Corals are peaky when it comes to temperature: not too hot, not too cold. Reef building corals thrive in temperatures ranging from 23°C to 29°C. Exceed that limit – even by 1°C - for too long and you may witness coral bleaching.
Under normal conditions, each polyp of the colony live in symbiosis with millions of small algae called zooxanthellae. Using the energy of the sun (you may know a little about photosynthesis), the zooxanthellae make food for the coral, and provide up to 90% of its daily energy requirements! Last but not least, it is also the zooxanthellae that give their colours to corals.
If the water goes too hot for too long, those little food-makers start releasing free radicals and become toxic for their host. When this happens, the polyps will start expelling them in the water column. In a matter of days, the coral gradually looses its colour until it turns fully white and starts to starve. Without its main source of energy, the colony’s immune system weakens, making the colony more susceptible to attacks from sponges and seaweeds.
If the heat stress ceases, the polyps of the colony will slowly re-absorb zooxanthellae from the water column and the colony will recover. However, if the heat stress persists for too long, the colony will eventually starve to death.
We witnessed a mass coral-bleaching event in the Seychelles from February to August 2016. A particularly hot summer coupled with an intense El Niño caused water temperatures to rise and exceed season averages by 1 to 2°C for several weeks, triggering the phenomenon of coral bleaching on the reef.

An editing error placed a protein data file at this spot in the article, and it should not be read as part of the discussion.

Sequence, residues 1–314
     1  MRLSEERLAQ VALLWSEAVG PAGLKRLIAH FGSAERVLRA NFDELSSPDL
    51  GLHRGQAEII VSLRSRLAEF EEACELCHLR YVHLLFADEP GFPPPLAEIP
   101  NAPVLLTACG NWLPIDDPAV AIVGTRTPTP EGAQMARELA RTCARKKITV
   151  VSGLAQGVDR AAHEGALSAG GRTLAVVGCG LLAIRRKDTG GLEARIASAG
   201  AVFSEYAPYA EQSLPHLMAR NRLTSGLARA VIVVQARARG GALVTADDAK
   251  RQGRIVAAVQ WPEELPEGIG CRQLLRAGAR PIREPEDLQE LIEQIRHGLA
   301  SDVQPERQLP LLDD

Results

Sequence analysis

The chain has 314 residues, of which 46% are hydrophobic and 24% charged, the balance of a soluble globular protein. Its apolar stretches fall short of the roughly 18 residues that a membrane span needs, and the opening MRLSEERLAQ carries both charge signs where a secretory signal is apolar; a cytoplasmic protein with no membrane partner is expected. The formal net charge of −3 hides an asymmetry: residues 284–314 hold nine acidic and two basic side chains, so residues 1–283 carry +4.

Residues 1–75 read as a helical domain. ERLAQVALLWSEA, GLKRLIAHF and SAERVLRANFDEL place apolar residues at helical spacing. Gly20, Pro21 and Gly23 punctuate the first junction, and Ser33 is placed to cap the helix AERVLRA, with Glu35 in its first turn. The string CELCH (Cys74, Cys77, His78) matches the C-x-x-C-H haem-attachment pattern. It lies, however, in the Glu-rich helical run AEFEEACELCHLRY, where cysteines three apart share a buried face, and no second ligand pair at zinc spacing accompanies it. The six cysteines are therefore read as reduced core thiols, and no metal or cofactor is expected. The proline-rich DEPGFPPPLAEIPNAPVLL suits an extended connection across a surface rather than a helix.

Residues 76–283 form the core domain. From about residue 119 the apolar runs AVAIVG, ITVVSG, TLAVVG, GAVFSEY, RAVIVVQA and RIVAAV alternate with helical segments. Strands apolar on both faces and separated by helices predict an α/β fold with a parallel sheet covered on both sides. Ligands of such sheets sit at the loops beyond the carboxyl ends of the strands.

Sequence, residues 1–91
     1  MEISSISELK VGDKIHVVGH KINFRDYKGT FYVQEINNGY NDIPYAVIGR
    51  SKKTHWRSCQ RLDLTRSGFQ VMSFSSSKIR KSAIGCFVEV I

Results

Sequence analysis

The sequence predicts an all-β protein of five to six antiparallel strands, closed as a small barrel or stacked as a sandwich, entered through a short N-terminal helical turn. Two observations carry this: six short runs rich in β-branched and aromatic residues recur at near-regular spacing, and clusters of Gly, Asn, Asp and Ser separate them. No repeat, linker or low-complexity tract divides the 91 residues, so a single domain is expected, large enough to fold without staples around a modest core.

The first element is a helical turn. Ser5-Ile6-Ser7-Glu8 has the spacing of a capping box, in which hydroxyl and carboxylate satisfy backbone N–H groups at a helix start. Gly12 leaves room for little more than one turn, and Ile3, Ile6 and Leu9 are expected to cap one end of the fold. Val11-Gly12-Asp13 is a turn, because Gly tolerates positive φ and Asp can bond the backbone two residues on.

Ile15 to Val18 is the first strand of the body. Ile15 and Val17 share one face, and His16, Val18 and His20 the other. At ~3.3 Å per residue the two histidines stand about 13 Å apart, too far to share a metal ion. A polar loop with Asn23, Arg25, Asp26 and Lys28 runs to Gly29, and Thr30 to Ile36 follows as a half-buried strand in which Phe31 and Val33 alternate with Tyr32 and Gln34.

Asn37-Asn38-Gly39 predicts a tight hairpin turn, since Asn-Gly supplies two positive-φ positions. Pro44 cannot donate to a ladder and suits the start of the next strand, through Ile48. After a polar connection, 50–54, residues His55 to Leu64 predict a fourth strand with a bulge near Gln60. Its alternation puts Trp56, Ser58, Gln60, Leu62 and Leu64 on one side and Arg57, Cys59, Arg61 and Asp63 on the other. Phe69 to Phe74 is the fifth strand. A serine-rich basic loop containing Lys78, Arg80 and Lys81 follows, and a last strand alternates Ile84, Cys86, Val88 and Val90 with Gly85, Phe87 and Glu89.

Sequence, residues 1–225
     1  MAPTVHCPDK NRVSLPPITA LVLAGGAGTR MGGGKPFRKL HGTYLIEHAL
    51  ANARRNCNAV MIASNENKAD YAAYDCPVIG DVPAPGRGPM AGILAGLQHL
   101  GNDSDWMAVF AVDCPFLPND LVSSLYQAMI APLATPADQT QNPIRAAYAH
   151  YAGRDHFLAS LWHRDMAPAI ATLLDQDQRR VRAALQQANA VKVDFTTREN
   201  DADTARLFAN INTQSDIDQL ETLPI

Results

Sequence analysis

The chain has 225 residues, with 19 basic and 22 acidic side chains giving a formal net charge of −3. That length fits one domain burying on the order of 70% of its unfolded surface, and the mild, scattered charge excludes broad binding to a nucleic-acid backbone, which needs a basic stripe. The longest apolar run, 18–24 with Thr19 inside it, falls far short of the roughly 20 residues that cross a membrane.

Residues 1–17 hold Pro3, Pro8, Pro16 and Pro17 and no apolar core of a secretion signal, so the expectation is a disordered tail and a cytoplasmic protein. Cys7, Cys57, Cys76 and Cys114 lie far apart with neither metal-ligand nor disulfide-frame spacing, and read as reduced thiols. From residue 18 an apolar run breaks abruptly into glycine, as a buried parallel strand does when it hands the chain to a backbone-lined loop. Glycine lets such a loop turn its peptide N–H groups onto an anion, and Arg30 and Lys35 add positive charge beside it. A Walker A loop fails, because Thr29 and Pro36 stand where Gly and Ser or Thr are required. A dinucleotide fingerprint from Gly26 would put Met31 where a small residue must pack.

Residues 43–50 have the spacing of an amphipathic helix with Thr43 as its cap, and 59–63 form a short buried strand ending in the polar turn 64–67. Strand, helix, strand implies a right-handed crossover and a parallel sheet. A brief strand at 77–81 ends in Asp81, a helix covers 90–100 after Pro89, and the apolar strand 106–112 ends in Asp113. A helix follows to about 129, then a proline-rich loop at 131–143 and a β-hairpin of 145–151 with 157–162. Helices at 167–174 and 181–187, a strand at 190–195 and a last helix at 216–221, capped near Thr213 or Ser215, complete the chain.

As we received bleaching alerts from the US National Oceanic and Atmospheric Administration (NOAA) as well as bleaching reports from across world, we knew what was coming...but what could we do to prevent it? All we could do was collecting data trough weekly monitoring and documentation on how the reef was reacting to the heat wave. From the start of March, we observed over 20,000 vibrant colourful corals turning snowy white in less than a month and remaining bleached for more than three.
Mortality across the Seychelles averaged 80-90%. Despite the lethal effect of this bleaching event, many coral recruits (juvenile corals) settled on the reef in the following months, thus initiating the recovery of the reef.
Reef managers find themselves powerless against climate-related events because they happen on such a large-scale and because temperature is a factor out of our control. Watching corals die back in 2016 was completely out of our control, however, as we observed some corals resisting and surviving the event, we realized something could be done to help the reef recover.
One month after the end of the bleaching event, we collected loose fragments on the reef and naturally detached colonies that were still alive - meaning they had survived the heat wave. We re-fragmented them to small pieces (to increase stock size) and seeded them on a nursery. After 10 months of growth, we had generated a stock of about 3,000 heat-resistant corals . These “super-corals” are now soon to be transplanted onto the reef, generating more super-corals during each new spawning season.
Technical & Scientific Officer, Nature Seychelles Reef Rescuers program